Wednesday, December 17, 2008

eating disorders, addictive behavior, and comorbidity: a genetic outlook

While psychological, sociological, and feminist frameworks have understood the emergence of eating disorders through cultural, familial, and patriarchal models, the influence of genetics if often undermined or ignored altogether.

Ghrelin, a peptide in the stomach, has been recently found to play a role in addictive behaviors. Jorgen Engel, professor of pharmacology at the Sahlgrenska Academy, University of Gothenburg explains:
Previous research had shown that ghrelin levels in blood plasma are altered in addictive behaviours such as alcohol dependence and compulsive overeating…It may be that common mechanisms in the brain underlie different forms of addictive behaviours, including compulsive overeating, pathological gambling and drug dependence," he said. "We hypothesized that the ghrelin system may be an important player in the brain-reward systems and, more specifically, wanted to investigate if the ghrelin system is involved in alcohol dependence in humans.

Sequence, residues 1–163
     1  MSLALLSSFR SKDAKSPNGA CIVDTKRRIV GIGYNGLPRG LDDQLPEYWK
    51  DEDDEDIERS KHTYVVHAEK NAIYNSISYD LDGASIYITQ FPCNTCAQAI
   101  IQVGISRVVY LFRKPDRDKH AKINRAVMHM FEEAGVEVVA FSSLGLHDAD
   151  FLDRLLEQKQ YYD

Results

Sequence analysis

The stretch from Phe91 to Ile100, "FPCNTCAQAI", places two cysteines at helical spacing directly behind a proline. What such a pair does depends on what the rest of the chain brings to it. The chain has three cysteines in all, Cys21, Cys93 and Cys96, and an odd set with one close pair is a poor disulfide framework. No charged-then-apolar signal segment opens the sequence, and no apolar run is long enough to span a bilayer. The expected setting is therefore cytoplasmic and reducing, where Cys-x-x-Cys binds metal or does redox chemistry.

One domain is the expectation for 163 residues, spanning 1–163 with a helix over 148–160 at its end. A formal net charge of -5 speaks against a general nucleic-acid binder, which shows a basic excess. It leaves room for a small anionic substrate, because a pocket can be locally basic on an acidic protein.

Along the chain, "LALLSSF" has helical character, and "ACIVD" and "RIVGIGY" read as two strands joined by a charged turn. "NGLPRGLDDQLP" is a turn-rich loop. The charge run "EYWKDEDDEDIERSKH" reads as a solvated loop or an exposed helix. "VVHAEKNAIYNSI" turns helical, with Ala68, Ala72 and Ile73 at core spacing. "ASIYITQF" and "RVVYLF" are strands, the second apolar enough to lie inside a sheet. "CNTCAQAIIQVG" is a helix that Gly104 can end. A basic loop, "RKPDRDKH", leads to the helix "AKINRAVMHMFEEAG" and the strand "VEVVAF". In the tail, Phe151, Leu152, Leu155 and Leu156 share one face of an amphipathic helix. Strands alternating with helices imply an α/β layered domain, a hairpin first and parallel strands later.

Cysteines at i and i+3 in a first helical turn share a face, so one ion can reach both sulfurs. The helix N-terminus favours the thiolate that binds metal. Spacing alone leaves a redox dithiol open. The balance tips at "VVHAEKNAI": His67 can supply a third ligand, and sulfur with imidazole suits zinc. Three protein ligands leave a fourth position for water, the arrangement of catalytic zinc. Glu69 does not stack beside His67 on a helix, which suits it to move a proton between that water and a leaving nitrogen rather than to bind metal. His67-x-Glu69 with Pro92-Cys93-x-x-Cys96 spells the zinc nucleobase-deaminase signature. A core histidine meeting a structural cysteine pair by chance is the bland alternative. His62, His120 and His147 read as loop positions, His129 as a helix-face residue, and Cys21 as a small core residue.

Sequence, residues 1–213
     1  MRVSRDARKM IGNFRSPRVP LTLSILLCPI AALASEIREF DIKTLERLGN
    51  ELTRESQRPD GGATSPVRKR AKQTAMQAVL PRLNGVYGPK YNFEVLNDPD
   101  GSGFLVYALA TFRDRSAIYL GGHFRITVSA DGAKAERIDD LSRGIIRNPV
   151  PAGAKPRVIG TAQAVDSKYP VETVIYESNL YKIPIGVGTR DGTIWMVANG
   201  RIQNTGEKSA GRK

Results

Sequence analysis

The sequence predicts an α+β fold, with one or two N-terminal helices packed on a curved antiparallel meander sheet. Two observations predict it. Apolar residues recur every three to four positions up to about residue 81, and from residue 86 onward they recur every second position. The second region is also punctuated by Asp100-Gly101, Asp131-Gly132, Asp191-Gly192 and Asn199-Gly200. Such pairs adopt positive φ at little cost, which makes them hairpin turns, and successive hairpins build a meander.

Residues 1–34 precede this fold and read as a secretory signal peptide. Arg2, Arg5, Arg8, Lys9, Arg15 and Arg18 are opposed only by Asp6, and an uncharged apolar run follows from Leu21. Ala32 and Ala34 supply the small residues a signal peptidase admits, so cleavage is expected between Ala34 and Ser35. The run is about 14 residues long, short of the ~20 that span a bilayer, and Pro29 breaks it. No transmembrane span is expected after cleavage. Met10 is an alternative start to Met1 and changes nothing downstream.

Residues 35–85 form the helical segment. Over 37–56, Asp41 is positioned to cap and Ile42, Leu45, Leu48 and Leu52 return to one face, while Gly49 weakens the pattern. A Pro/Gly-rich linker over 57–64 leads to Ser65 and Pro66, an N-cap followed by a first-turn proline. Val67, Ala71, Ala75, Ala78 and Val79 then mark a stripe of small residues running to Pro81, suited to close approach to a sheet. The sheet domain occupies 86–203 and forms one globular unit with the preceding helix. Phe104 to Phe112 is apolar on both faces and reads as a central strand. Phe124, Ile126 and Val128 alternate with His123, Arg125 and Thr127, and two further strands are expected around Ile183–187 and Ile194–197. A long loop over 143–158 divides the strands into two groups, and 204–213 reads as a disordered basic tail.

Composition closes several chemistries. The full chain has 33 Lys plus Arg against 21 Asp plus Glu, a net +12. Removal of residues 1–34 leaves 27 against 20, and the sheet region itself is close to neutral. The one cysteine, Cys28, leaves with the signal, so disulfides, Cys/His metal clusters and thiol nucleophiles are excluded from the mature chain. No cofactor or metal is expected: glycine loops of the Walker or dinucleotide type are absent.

Additionally, variations of ghrelin make individuals more or less susceptible to experiencing multiple addictive behaviors, such as alcoholism and over-eating—underscoring the genetic basis of such disorders.

Source: "Alcoholism; Peptide ghrelin may be involved in both alcohol dependence and overeating." NewsRx Health & Science (Oct. 2008): 21.

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